One of my patients, a 7-year-old girl, has had eye examinations every year since she was 4 years old. She has always had a slight right upper lid ptosis since she was born according to her parents. There have never been any other neurological signs, the cosmesis has been reasonable and it has become less noticeable as she has grown older. She has never had any refractive error in the past and has always managed at least 6/6 in each eye. Today she has 6/12 vision in the right eye and 1.50 DC with the rule astigmatism in the right eye which when corrected gives 6/6. There is no refractive error in the left eye. Why has she developed monocular with-the-rule astigmatism?

With-the-rule astigmatism means that the cornea is steeper in the vertical meridian than the horizontal. The analogy is a barrel lying on its side. I often use this analogy with parents instead of talking about rugby balls as everyone can picture a barrel but not everyone knows what a rugby ball looks like.

The ptosis is interesting. It sounds like it has been caused by aponeurotic disinsertion. There is a thinning and disinsertion of the levator aponeurosis. The aponeurosis is a sheet of pearly-white fibrous tissue that takes the place of a tendon in flat muscles having a wide area of attachment. This fibrous membrane covers certain muscles or connects them to their origins or insertions. The fibrous membrane which connects the levator muscle in the upper eyelid becomes thin and/or disconnected from its origin. This results in a reduction in the strength of the muscle and the upper lid droops. This may have been caused by a subtle development anomaly at the embryo stage or during birth.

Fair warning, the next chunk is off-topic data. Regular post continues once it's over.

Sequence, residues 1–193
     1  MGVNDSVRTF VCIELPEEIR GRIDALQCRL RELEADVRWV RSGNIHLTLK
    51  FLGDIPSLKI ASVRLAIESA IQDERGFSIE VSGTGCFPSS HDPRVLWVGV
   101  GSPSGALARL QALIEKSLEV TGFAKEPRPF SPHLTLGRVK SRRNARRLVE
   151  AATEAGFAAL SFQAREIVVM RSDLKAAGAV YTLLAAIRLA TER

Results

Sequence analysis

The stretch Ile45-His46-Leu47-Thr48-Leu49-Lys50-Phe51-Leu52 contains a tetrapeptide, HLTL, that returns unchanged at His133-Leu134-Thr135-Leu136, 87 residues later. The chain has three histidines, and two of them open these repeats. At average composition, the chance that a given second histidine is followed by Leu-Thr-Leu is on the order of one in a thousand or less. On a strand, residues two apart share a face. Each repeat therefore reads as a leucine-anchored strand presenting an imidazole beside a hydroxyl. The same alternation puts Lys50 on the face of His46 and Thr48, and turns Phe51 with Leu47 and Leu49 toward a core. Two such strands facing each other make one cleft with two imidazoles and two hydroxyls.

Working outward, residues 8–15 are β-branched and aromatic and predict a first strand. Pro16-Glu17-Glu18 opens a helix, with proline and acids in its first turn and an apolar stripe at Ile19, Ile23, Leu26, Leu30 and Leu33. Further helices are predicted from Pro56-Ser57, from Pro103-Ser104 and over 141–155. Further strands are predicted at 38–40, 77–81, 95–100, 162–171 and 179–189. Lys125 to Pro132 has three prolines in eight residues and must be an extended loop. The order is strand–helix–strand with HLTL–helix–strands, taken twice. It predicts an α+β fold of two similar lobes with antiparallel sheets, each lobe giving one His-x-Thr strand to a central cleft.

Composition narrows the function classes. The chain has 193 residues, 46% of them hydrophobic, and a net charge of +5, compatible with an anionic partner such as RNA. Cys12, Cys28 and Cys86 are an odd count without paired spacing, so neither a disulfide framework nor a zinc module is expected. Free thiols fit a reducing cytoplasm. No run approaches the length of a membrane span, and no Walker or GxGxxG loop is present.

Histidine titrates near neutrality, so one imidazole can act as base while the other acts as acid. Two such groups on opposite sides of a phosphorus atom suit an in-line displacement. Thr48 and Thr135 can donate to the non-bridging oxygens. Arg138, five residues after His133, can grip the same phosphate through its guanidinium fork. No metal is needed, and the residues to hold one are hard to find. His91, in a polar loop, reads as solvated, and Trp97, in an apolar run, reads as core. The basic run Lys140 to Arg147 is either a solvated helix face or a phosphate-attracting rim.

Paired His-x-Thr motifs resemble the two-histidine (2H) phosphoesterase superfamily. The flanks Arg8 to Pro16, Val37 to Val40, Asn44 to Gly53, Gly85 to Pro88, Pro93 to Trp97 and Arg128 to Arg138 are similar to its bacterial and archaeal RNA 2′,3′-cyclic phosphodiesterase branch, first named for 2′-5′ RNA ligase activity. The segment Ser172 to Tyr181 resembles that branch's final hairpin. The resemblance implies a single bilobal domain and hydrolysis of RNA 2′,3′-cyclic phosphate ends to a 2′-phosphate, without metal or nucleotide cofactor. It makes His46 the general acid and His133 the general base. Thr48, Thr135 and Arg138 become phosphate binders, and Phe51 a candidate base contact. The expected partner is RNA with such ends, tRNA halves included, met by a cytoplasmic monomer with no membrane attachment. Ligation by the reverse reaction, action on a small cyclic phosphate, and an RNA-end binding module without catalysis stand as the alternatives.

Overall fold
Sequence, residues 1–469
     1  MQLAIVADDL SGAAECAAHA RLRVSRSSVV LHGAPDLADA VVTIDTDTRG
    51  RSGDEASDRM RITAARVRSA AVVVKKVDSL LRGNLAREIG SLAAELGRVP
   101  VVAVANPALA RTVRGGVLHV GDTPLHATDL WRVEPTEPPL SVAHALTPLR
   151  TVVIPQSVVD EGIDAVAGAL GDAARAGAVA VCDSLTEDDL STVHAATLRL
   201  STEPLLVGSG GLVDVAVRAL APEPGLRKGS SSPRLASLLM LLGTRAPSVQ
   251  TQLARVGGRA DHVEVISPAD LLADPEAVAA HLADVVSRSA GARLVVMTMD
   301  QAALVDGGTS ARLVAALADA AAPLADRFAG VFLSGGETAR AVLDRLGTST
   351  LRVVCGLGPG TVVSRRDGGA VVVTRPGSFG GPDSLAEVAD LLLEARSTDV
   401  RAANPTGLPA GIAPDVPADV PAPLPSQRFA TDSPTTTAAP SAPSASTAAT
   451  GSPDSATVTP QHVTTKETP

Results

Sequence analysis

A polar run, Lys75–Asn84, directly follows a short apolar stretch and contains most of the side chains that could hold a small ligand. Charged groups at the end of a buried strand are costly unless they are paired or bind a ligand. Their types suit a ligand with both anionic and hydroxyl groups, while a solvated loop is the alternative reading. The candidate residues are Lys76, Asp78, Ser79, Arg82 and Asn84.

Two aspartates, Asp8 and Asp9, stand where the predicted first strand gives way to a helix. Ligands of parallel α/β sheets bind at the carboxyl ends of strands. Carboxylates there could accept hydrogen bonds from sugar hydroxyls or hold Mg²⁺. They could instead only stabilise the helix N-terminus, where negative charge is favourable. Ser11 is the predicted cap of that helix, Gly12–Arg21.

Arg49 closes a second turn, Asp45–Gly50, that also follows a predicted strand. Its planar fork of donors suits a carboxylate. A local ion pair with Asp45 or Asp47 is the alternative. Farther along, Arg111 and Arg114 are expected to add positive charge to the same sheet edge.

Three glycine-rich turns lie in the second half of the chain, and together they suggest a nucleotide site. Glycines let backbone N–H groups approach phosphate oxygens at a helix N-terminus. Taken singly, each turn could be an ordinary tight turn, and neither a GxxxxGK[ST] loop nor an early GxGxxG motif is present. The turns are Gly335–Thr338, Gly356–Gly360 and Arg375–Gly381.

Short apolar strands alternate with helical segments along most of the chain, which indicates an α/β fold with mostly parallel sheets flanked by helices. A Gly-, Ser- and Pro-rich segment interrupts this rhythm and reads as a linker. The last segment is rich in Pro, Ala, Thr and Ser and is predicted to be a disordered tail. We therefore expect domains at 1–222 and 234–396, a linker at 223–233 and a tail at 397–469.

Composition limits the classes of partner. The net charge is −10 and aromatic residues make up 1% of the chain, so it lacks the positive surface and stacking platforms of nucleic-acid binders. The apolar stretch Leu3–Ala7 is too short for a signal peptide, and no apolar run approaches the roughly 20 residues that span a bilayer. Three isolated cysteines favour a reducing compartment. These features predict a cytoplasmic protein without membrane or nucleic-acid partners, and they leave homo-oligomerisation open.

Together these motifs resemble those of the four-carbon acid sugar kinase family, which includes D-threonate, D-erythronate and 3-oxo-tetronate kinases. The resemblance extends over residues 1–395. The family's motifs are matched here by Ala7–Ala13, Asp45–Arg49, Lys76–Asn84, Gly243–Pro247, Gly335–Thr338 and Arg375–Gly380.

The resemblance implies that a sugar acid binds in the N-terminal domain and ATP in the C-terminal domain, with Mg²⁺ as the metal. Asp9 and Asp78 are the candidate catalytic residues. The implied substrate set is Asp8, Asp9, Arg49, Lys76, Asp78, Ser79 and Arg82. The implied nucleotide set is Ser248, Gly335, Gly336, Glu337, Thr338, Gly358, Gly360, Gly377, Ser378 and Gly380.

The astigmatism is very likely to have been caused by the pressure of ptotic lid on the cornea, deforming it by pushing the cornea in and causing it to be steeper in the vertical meridian. The distortion and astigmatism cause a miss focus in the eye and this has led to the reduction in vision. It is good that the vision improves to 6/6 with refractive correction as this indicates there is no amblyopia.

The reduction in vision in the right eye may impact on the vision with both eyes open and this may make it difficult for the child to see things on the board at school. Amblyopia is not a danger in this case.

The question is whether to refer for lid surgery or to correct the refractive error or both. My opinion is to provide glasses for learning activities and at the same time to seek an opinion from an eye specialist with experience in lid surgery. It may not be appropriate to conduct lid surgery at this point but the surgeon can monitor the lid position and look out for an increase in the ptosis. You can monitor the visual acuity and astigmatism and increase the correction if it worsens and let the surgeon know.

On the surface, this sounds like a simple case of monocular refractive error correction but it is more complicated than that.



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